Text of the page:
The Extradition of Julian Assange is an attack on press freedoms

Whilst being held in Belmarsh prison, British Home Secretary, Priti Patel, has approved the extradition of Julian Assange to the US on espionage charges

Whilst being held in Belmarsh prison, British Home Secretary, Priti Patel, has approved the extradition of Julian Assange to the US on espionage charges. Assange is an Australian-born computer programmer who is the founder of WikiLeaks, which acted as an international, non-profit whistle-blowing organisation that was created in Iceland in 2006. Assange is most notably known for exposing war crimes of the American government relating to the Iraq and Afghanistan wars. Assange’s legal troubles began in 2010, after WikiLeaks published more 500,000 classified US documents about the wars in Iraq and Afghanistan. WikiLeaks lifted the lid on the unjust and criminal wars the US was embroiled in. The leaked documents were an insight into US foreign policy and warfare. The organisation documented and shared a video of a US military Apache helicopter killing more than a dozen Iraqis and journalists as well exposing that tortue was normalised. The documents published also exposed civilian deaths, friendly-fire casualties, US air raids; the role of al-Qaeda in the country and foreign nations providing support to Afghan leaders and the Taliban.

The leaked documents ran in contradiction to the jingoism and rabid warmongering that the Afghanistan and Iraq wars were based on. The wars were waged as an exercise in US imperialism and faux democratic values; a war steeped in chauvinistic ideas of civilisation. The WikiLeaks documents attacked and exposed the paper-thin justifications for war in Afghanistan and Iraq, and the legitimacy of US and British occupation was thrown into disarray. Assange is being prosecuted in the US under the 1917 espionage act, due to WikiLeaks. Prior to his time in Belmarsh, Assange has fought a long and arduous battle to resist extradition to the US due to developing plots to assassinate him. Sexual assault allegations levied against him and then subsequently dropped by the Swedish authorities, all whilst residing in the Ecuadorean embassy until 2019 due to the state revoking his political asylum.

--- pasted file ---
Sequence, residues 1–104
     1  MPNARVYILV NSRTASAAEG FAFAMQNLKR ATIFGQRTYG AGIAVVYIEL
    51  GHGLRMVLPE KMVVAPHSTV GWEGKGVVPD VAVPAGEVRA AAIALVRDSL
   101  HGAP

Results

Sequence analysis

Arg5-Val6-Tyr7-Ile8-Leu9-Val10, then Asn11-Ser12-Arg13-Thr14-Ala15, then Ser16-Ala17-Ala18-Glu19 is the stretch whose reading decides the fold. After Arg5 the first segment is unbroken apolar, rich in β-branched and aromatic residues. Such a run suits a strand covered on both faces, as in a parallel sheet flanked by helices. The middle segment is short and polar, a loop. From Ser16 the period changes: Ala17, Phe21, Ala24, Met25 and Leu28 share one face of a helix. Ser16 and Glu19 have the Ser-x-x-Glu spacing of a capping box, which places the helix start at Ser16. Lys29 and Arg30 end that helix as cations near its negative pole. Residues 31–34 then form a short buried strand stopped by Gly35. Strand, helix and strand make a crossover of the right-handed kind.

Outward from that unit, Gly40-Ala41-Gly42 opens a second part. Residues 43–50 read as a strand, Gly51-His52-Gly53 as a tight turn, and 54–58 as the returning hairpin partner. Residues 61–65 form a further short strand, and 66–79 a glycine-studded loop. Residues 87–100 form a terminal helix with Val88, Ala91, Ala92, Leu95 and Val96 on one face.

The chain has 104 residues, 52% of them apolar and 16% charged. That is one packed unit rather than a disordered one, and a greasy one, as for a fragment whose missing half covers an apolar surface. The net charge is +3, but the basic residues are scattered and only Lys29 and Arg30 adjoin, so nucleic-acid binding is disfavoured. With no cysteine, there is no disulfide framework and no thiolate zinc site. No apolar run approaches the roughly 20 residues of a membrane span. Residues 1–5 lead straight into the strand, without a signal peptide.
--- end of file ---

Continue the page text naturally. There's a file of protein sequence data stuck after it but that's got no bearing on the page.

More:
Assange’s extradition should be seen within the broader context of the right’s obsession with silencing those that dissent from accepted political norms. Press freedoms are a highly contested subject, often galvanised by the right as they claim that the ‘woke left’ engineer the cancelation of rightwing idealogues. However, what we must address is that the extradition of Assange is the direct antithesis of freedom of the press, which, unironically seems to be lost on the rightwing billionaire press. Assange acted as any journalist with integrity should do; he exposed the lies of the US and made it public knowledge. Both in the UK and the US, the media landscape is overtly skewed to the right and owned largely by the super rich. In the UK, three companies dominate 90% of the newspaper market (News UK, Daily Mail Group and Reach). With regards to online readers, the same three companies own 80% of the market. The likes of the Murdochs, Rothermeres and Barclays - all billionaires - control an estimated 68% of national newspaper circulation. What this demonstrates is that the rich and powerful have a monopoly over the accepted forms of knowledge production; they hoard the mass means of communication in order to spread a rightwing ideology.